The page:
Former refugee Green Party candidate to focus on rangatahi

By Mānia Clarke-Mamanu

Golriz Ghahraman is a former refugee and UN human rights lawyer who is standing for the Green Party at this year’s election.  The Auckland-based lawyer is focussed on tackling child poverty and youth rights, among other issues of significance to Māori.

Ghahraman says she is keen to use her experience as a former UN human rights lawyer to help the country's most vulnerable.

“Māori are disproportionately affected by inequality in Aotearoa.  Māori and Pasifika youth are disproportionately represented in all of the negative stats that we've got,” says Ghahraman.

Ghahraman currently works as a criminal justice lawyer and wants to address Māori youth offending, which is over-represented in New Zealand statistics.

“To me, [criminal justice] is the ambulance at the bottom of the hill," says Gaharaman, "We need to take notice of the youth justice stats that we've got because they're indicative of where we are failing these young people in other areas- whether that's education, health or poverty across the board.

"We need to stop looking at the criminal justice system as something that's a solution...We need to look at how people are faring in education, or how we're ensuring that these kids are fed.  Where we've introduced tikanga into the criminal justice system, with our Rangatahi Courts for example, it's been incredibly successful...I think we can do that in other policy."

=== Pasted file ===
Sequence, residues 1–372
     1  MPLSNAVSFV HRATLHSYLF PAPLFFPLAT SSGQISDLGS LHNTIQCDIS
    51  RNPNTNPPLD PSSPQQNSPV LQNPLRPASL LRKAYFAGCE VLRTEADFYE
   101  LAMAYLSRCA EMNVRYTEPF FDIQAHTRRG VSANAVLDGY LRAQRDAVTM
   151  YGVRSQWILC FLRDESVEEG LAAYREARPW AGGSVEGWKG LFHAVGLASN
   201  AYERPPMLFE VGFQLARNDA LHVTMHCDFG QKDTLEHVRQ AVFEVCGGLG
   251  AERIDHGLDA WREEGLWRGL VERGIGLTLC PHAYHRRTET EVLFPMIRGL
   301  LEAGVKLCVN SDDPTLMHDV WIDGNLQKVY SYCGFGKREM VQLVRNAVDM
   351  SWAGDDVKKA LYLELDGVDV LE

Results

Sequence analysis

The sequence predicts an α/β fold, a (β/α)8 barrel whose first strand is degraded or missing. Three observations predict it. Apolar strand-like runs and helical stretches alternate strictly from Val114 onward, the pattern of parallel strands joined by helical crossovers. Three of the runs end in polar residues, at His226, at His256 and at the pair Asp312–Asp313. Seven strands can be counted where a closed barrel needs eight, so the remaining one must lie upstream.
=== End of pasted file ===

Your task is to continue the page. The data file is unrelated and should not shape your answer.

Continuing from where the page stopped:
Ghahraman announced last week that she's running as a Green Party list member and has already received a positive response from the community.

One message of support from a Māori woman particularly touched Ghahraman.

“Yeah, that still gives me chills.  I've received a few messages from Māori, but that particular one was about welcoming me to her ancestral lands because I spoke to issues that she felt she cared about.  It was incredibly touching.”

If ranked high enough on the Party List Golriz will become New Zealand's first refugee MP in parliament.

"I think as a refugee I have a particular affinity for Māori," says Ghahraman, "The thing to remember with asylum seekers and refugees is we're often escaping the same imperialism that Māori have suffered.

"In terms of being a Middle Eastern refugee, we suffer wars that are aimed at alienating us from our land and our resources.  I feel incredibly grateful to Māori for giving my family refuge here."

As a signatory to the 1951 Refugee Convention New Zealand currently accepts 750 refugees per year.  Last year, the government announced an increase to 1,000 individuals from 2018.

New Zealand is currently ranked 87th in the world for refugee resettlement and resettles five times fewer refugees per capita than Australia.

The global refugee crisis now affects more than 60 million individuals who are displaced from their homelands around the globe.